Dodgers 2016 Player Review: Joc Pederson
Gary A. Vasquez-USA TODAY Sports

The Los Angeles Dodgers handed the keys in center field to a rookie in 2015 as Joc Pederson earned the starting role and generally speaking did not disappoint.

He slugged 20 home runs in the first half, earning a spot on the National League All-Star roster, as well as in the Home Run Derby in which he placed second. However, Pederson struggled in the second half and quickly fell from the contention for the Rookie of the Year Award.

Pederson spent the offseason refining his swing and entered this season looking to become a more complete hitter. In particular, there was a goal to cut down on his 170 strikeouts from 2015.

Pederson’s consistency was much improved, which dispelled any concern that may been surfacing of whether or not he was capable of playing center field on an everyday basis.

In 137 games Pederson batted .246/.352/.495 with 25 home runs and 68 RBIs while striking out 130 times. He thrived against righties, posting a .918 on-base plus slugging percentage, but in limited action against left-handers had just a .469 OPS.

Often times during the regular season he wasn’t in the lineup against southpaws, but in the postseason Dodgers manager Dave Roberts valued Pederson’s defense so much that he started all 11 games.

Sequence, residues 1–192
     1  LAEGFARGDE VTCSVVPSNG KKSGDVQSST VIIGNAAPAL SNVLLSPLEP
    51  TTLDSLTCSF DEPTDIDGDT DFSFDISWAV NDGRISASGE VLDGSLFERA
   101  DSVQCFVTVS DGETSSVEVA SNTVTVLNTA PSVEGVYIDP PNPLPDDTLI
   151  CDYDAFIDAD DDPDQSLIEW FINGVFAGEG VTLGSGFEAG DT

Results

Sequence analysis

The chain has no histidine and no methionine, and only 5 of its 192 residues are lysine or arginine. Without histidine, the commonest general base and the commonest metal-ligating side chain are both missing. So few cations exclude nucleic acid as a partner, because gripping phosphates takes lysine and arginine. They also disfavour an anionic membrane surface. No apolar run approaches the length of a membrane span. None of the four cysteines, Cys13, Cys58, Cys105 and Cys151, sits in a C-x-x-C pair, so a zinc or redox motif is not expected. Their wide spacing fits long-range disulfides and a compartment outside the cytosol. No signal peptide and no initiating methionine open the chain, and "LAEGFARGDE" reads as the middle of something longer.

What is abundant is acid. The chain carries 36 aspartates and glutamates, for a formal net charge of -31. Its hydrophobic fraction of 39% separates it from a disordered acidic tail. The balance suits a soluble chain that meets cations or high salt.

In those 11 games he went 9-for-40 (.225 batting average) with a home run and four RBIs while walking three times. Roberts said after the Dodgers were eliminated that he was encouraged by Pederson’s at-bats would likely give him more opportunities against left-handers next season.

2016 Highlight

In the winner-take-all Game 5 of the National League Division Series against the Washington Nationals, the Dodgers struggled to muster any offense against Nationals starter Max Scherzer.

With the Dodgers trailing, 1-0, Pederson led off the seventh inning and lifted the first pitch he saw from Scherzer, a 96 mph fastball, to left field. The ball carried over the wall to tie the game, and forced Nationals manager Dusty Baker to remove Scherzer from the game.

Los Angeles scored three more runs in the inning off Washington’s bullpen, and went on to win the game, 4-3, to advance to the NL Championship Series.

2017 Outlook

Going into his third MLB season the 24-year-old Pederson will look to continue improving. Barring any injuries, he will go into 2017 as the team’s unquestioned starting center fielder.

Pederson will need to improve against left-handers though if he wants to avoid being a victim of the Dodgers’ reliance on platoons. Los Angeles figures to have multiple options if Pederson struggles against same-side pitching.